A few weeks ago I felt very sad. The golf club that I had belonged to for 17 years closed overnight, without any warning, leaving members without a golf club and the golf professional without a living. Thankfully I had seen the writing on the wall and had left some months before but it did not stop me feeling very emotional and sad for all of my friends who were still there.

The closure of my golf club coincided with the collapse of Carillion. What a horrific situation for all of those people out of work, plus the impact on all of those smaller businesses who relied on Carillion – some of those were our clients.

The more I thought about these two things, the more angry I became on behalf of all those that I knew were affected. Two factors were at play in both scenarios – one was greed and the other was incompetence. It seems like an increasing number of people are directly affected by these factors these days. I can’t do anything about other people’s greed, but I can do something about incompetence in organisations.

Organisations can choose to stamp out incompetence internally but it takes someone with a passion to recognise incompetence and to see the negative impact it has on everything. I think the time has come to learn the lessons of Carillion and other failures and recognise the importance of not only training people to be good at their jobs, but also to introduce negative consequences for incompetence. Perhaps the time has come to see training people as an investment and not simply as a cost.

When I was at Boots, we trained everyone who became a new supervisor as a matter of course. Basic skills and some knowledge of the law over a two day introductory programme were provided without question. As a result our manufacturing facility ran smoothly and efficiently. Training was seen as an investment and a necessity and the benefits were there for all to see. I see such inefficiency in organisations where people run around like proverbial blue flies but not actually achieving anything. If only I could stop the chaos.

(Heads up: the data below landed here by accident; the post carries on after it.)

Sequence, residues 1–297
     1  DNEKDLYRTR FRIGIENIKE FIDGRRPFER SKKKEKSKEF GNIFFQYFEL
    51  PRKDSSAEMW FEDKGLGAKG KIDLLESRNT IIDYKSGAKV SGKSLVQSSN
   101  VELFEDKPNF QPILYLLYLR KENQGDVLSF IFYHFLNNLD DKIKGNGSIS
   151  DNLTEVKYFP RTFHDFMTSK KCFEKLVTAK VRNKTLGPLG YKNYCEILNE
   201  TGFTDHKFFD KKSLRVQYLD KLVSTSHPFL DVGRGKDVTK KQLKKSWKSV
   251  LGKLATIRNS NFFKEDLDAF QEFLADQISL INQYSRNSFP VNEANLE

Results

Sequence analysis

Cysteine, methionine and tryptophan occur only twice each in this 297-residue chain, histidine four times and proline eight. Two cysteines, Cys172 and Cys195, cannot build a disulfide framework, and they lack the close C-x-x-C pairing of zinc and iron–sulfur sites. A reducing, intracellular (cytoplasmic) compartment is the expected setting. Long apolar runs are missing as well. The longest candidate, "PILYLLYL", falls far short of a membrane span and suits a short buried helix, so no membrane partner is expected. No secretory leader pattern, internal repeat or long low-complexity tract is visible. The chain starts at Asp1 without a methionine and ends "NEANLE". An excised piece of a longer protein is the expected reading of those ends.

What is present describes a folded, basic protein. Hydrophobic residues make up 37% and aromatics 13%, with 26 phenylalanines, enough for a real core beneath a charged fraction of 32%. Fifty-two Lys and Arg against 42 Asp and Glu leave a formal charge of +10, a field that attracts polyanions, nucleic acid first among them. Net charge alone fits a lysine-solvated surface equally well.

Training helps people to be able to think about solutions to problems, rationalise new ideas to see if they will actually work and it stops our brains from going to mush. Employees can only be as good as they are allowed to be. If their managers are incompetent, team members below them are never going to be allowed to reach their full potential. Management is a completely different set of skills from being a good specialist or senior in your original role and organisations need to train these in (and then hold people accountable for their performance).

Let’s start a campaign to stamp out incompetence (#stamp-out-incompetence). Where can you increase competence within your organisation? What little steps can you take to make your organisation more efficient and your people more effective? Perhaps lots of little steps made by ordinary people will not only stamp out incompetence but may also positively impact on individual greed. We can only hope!